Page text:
Steel Markets

US Vehicle Sales and NAFTA Vehicle Production in September 2015

Written by Peter Wright

In September, vehicle sales reached a new post-recession high of almost 18.2 million units at a seasonally adjusted annual rate. This followed the August rate of 17.8 million units. Both at the time were the best pace since July 2005, when incentives caused sales to surge. Sales in September were 10 percent higher than the same month a year ago. Light trucks continued to dominate with 10.3 million, the balance, 7.9 million being autos. Crossover vehicles are classified as light trucks. The light truck share at 57 percent was the highest in 10 years.

So far this year, the sales pace average is 17.2 million units and it is likely that 2015 will have the best pace since 2001. Pent-up demand for vehicles is being quickly absorbed and the decline in gasoline prices is encouraging consumers to buy larger vehicles. The Ford F series has maintained its #1 spot in spite of reservations about the F150 aluminum body. Year to date Ford F series sales through September were 527,583 units, the Chevy Silverado was 440,904 units and the Dodge Ram was 319,704 units. The only car to make it into the top four was the Toyota Camry with 326,330 units. North American assembled vehicles had a market share of >80 percent in September.

Total light vehicle (LV) production in NAFTA in September was at an annual rate of 18.251 million units, production in the first nine months of this year has averaged 17.43 million units. In cases where seasonality is more than a weather effect we like to compare the monthly result with the monthly norm over a number of years. On average since 2004, September’s production has been 3.1 percent less than August. This year September was 1.3 percent higher than August (Figure 1).

Note that these production numbers are not seasonally adjusted, the sales data reported above are seasonally adjusted.

On a rolling 12 months basis y/y through September, LV production in NAFTA increased by 3.4 percent and the growth rate has been slowing since the beginning of 2013. LV production in NAFTA is now well above the pre-recession peak of Q2 2006 and is heading for the all-time high of mid-2000 (Figure 2).

On a rolling 12 months basis y/y the US is up by 3.1 percent, Canada is down by 3.1 percent and Mexico is up by 9.2 percent (Table 1).

Growth rates in 3 months through September y/y indicate that the US and Canada have positive momentum but that of Mexico is negative. Mexico has had negative momentum for five straight months and in six of the last seven months. The US has gained production share in the most recent 3.5 years (Figure 3) and so far in 2015 that gain has accelerated at the expense of Canada. Mexico’s share has been fairly flat.

A close examination of Canadian and US share this year in Figure 3 shows that there is a mirror image effect suggesting that the auto companies routinely move production from one side of the border to the other. In September on a rolling three month basis, the US production share of total light vehicles was 68.2 percent, Canada’s was 12.8 percent and Mexico’s was 19.0 percent.

Figure 4, Figure 5 and Figure 6 show total LV production by country with y/y growth rates and on each the red line shows the change in production since Q2 2006.

Note the scales are the same to give true comparability and that Mexican growth is surging at more than twice the rate in the US. Canada continues to contract. In the last two years US growth has slowed and contraction in Canada has accelerated. Mexico experienced a strong growth surge last year but has been slowing in the last six months. During the recession Mexico declined by less than the US and bounced back by more during the recovery. This caused Mexico’s production share to surge until Mid-2011 at the expense of the US. So far in 2015, Mexico’s growth rate in total LV production has been at the expense of Canada who have had negative growth for over two years.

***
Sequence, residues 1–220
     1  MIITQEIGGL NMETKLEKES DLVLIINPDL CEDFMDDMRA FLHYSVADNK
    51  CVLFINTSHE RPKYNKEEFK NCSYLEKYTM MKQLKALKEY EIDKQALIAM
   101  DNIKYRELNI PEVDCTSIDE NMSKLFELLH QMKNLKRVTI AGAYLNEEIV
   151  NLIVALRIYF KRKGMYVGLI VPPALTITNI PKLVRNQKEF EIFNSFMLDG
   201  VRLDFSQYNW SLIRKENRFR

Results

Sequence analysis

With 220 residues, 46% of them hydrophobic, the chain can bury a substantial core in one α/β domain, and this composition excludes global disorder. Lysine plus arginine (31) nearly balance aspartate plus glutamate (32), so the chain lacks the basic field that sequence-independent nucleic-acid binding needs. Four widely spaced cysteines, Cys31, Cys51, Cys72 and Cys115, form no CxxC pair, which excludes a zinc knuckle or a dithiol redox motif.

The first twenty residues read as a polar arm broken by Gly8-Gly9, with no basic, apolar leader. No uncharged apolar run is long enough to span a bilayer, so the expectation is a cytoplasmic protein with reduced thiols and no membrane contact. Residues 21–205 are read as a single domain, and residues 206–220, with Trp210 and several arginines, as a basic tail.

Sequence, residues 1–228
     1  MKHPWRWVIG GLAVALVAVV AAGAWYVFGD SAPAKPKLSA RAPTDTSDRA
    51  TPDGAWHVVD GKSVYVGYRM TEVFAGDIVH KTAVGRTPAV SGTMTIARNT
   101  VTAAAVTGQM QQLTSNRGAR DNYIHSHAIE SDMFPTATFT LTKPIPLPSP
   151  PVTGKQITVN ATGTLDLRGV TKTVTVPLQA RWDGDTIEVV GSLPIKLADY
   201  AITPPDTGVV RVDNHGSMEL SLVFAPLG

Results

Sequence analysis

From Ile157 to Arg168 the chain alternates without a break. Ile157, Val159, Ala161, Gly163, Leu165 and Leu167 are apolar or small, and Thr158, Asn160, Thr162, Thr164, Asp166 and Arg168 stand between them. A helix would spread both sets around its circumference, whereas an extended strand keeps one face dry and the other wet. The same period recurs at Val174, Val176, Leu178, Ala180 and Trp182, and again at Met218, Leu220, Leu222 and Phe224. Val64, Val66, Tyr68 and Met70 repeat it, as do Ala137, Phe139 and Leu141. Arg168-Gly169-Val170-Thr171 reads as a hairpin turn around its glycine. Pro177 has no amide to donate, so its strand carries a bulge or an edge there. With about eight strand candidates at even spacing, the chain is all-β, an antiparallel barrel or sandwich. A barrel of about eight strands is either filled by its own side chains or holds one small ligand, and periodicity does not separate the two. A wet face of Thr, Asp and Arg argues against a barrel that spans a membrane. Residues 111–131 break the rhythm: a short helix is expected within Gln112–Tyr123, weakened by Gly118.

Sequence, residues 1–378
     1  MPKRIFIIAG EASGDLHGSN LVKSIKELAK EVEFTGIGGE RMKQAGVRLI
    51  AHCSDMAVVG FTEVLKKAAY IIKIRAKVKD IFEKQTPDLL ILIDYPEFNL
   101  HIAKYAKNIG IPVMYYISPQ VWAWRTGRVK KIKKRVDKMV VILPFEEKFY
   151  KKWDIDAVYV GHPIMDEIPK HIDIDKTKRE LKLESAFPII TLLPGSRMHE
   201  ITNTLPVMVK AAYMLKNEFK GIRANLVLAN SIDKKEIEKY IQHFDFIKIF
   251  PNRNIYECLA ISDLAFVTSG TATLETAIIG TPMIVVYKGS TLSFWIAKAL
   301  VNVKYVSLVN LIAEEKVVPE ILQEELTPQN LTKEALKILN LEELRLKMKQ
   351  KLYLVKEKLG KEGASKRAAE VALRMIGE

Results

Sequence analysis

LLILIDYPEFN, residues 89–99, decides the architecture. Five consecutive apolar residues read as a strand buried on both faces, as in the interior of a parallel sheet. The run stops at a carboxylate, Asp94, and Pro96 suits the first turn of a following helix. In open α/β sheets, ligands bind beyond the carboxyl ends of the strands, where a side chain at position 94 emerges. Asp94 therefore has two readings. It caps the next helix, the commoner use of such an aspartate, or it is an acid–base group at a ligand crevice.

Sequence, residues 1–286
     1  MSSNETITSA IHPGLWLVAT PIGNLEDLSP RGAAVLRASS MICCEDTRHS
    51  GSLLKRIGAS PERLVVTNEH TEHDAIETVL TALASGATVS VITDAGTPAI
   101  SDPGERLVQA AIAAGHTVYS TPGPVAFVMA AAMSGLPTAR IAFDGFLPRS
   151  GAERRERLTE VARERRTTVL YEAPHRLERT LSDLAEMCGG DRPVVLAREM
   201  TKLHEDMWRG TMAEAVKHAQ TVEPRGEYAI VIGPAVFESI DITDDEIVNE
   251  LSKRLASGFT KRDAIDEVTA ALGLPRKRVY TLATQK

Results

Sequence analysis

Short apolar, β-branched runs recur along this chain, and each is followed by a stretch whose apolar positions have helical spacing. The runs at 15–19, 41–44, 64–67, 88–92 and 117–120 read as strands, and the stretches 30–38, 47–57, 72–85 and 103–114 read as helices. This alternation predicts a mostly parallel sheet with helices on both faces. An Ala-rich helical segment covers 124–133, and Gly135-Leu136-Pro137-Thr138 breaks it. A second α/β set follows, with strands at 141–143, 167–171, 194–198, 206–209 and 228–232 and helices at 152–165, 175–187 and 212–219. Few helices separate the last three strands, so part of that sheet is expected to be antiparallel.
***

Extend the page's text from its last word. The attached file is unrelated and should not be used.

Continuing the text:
In the 12 months through October 15th, compared to the US $ the Canadian $ has depreciated by 13.6 percent and the Mexican Peso by 19.0 percent. These decline must be causing auto assemblers to look at moving production to Mexico in particular. We believe there is spare capacity both sides of both borders for the automotive manufacturers to play this game. This isn’t happening so much in Canada in spite of the depreciation of the Loonie because (in our opinion) the labor relations situation in Canada is causing manufacturers in general to reduce their exposure. US steel is a case in point.

The mix of light vehicles is very different by country (Figure 7).

The percentage of autos in the Mexican mix in the last three months was 56.7 percent but only 34.8 in the US and 37.4 percent in Canada. This was the lowest percent of autos in the US mix since July 2011 as buyers preference tilts towards light trucks driven by declining gas prices.

Ward’s Automotive reported this week that total light vehicle inventories in the US increased by 4 days of sales from 55 at the end of August to 59 at the end of September but down by 5 from September last year. Month over month FCA (Fiat Chrysler Automotive) was up by 3 days to 77, Ford was up by 6 days to 67 and GM also at 67 was up by 4 days.

The SMU data file contains more detail than be shown here in this condensed report. Readers can obtain copies of additional time based performance results on request if they wish to dig deeper. Available are graphs of auto, light truck and medium and heavy truck production and growth rate and production share by country.

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